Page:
In the aftermath of another school campus mass murder by a deranged individual, there were a myriad of reactions as people tried to come to grips with why this continues to happen. Many of the reactions are expected — especially those speaking of the need for greater controls over the acquisition of guns. One reaction I don’t understand is why clergy are not calling for more religion instead of more gun control.
By now you know that (to their credit) the FBI stated they did not act on a tip received on the Parkland, Fla., murderer that could have potentially prevented the killing of 17 innocents – mostly children. Plainly said, they screwed up. But I applaud them for admitting their failure which rarely happens with government authorities.
There is a feeling that we must do something. Many who do not understand the first thing about guns or gun ownership think the only way to resolve this is to limit the ownership of long guns, which they like to characterize as “assault weapons.” This is despite the fact that long guns are a small percentage of guns used in murders. I have delineated all this in prior columns. (Please do not assume I am minimizing this loss of life in any way or form.)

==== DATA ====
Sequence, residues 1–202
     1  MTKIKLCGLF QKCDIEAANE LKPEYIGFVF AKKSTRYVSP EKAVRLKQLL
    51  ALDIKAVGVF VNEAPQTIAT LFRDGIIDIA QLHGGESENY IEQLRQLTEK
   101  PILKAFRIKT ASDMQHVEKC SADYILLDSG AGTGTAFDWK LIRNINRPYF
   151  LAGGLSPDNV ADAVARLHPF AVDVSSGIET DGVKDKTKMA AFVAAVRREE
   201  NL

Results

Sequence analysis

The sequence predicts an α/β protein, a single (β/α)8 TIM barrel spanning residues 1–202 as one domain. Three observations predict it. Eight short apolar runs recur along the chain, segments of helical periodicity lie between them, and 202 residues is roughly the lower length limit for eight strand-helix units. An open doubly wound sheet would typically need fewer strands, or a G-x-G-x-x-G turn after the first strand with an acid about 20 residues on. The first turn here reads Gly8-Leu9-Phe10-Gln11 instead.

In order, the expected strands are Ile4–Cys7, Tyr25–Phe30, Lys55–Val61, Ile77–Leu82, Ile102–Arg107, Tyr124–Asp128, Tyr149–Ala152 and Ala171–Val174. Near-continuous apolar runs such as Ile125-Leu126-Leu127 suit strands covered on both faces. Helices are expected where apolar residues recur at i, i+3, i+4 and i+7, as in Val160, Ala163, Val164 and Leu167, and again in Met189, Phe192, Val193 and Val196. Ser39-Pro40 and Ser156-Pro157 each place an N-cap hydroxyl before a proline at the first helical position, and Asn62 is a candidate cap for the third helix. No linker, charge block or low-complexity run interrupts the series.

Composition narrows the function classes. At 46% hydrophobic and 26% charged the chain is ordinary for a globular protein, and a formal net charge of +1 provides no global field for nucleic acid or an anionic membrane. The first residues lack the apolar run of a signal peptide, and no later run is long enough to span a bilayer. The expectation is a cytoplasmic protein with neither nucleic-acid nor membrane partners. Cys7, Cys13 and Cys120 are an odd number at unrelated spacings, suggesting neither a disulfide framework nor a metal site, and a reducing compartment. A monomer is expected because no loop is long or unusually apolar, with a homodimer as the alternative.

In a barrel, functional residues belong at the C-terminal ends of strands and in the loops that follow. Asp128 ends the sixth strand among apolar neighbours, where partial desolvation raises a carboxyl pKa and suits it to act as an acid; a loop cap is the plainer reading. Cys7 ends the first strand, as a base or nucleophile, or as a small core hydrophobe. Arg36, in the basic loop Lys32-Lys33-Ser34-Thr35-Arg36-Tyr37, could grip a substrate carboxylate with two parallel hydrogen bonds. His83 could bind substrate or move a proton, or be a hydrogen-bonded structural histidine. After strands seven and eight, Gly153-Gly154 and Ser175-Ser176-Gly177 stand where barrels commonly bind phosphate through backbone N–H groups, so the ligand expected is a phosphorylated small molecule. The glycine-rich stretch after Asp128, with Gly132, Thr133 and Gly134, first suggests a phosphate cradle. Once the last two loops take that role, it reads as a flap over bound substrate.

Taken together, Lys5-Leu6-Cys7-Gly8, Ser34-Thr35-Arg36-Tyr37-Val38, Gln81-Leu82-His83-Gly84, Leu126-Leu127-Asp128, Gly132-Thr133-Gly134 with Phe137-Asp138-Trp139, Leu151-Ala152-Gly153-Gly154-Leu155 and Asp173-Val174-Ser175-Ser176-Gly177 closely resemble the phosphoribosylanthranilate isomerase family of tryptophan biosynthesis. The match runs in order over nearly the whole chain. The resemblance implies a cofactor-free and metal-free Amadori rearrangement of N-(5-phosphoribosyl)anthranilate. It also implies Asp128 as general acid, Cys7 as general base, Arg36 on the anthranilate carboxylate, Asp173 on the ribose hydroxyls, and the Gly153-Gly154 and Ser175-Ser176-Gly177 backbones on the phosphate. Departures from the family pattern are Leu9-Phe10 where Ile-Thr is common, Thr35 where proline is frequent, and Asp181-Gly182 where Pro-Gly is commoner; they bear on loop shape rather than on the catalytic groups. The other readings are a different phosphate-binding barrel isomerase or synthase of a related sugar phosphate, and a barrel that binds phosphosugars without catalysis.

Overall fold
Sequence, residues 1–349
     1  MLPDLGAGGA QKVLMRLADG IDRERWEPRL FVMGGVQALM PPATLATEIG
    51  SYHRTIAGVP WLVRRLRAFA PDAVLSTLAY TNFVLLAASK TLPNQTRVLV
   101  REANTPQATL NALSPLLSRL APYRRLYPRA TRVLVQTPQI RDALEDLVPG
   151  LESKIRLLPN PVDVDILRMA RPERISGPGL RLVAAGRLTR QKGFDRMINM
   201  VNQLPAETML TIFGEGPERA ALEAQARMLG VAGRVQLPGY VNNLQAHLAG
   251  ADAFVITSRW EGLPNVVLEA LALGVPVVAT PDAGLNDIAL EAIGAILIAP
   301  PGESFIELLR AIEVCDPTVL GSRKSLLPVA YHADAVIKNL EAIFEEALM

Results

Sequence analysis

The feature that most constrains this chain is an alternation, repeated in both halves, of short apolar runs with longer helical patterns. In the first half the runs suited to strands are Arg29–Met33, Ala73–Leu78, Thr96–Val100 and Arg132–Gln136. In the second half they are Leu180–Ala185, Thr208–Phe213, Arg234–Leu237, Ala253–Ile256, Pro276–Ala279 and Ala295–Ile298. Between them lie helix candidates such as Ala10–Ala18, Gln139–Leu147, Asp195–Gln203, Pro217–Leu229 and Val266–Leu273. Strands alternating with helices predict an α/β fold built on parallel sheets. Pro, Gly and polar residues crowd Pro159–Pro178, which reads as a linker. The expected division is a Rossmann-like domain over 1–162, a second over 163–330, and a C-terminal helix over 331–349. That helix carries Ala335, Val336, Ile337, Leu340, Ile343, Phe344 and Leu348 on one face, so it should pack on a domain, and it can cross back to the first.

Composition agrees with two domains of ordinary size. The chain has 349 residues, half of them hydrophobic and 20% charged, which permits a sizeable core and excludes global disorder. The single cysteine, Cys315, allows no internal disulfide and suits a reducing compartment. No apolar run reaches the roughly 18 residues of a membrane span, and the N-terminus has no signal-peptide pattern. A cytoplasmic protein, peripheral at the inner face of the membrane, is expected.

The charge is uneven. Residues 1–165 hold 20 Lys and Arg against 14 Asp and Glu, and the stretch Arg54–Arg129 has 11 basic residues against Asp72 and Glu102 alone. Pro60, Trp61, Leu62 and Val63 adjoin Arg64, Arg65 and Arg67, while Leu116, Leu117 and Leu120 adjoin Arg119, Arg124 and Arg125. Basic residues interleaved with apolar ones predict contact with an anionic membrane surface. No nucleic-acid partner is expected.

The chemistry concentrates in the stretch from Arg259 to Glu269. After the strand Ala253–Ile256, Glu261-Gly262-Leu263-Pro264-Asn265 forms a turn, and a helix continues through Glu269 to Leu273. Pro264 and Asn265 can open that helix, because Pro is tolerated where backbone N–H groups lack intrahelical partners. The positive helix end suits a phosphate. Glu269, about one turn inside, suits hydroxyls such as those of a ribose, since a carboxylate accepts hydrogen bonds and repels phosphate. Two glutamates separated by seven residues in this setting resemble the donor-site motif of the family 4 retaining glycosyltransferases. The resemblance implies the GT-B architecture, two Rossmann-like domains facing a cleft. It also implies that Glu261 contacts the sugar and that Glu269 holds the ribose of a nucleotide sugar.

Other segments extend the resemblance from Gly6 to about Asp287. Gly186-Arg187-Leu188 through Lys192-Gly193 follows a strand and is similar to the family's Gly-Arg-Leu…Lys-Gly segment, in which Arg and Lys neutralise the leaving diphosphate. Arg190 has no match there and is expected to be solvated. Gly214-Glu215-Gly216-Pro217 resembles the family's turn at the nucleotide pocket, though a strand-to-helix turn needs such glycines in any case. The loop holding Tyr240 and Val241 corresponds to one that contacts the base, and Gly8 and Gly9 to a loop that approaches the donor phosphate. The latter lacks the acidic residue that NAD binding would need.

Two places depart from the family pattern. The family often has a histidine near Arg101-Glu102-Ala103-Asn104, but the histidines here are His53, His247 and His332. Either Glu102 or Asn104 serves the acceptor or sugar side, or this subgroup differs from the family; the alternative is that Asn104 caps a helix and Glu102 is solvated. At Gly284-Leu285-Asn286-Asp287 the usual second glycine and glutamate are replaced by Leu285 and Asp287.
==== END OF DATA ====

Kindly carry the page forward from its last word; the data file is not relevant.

I presume that is because it is easier to look at the tool of murder instead of the cause of the action by the individual. Some of you are sick of hearing how things were not like this when those of us of an older generation were growing up. A recent study by the University of Chicago showed that there was actually a greater percentage of households owning guns in the good ol’ days (their study started in 1972). It is thus not an issue of people owning guns; it is the people.
If you argue that guns were different then, soak in this fact; gun ownership in America went up 50% from 1993 through 2013. Homicides went down 50% during that time. Half of that time there was a so-called “assault weapon” ban and half not. A study by the government determined there was no benefit from…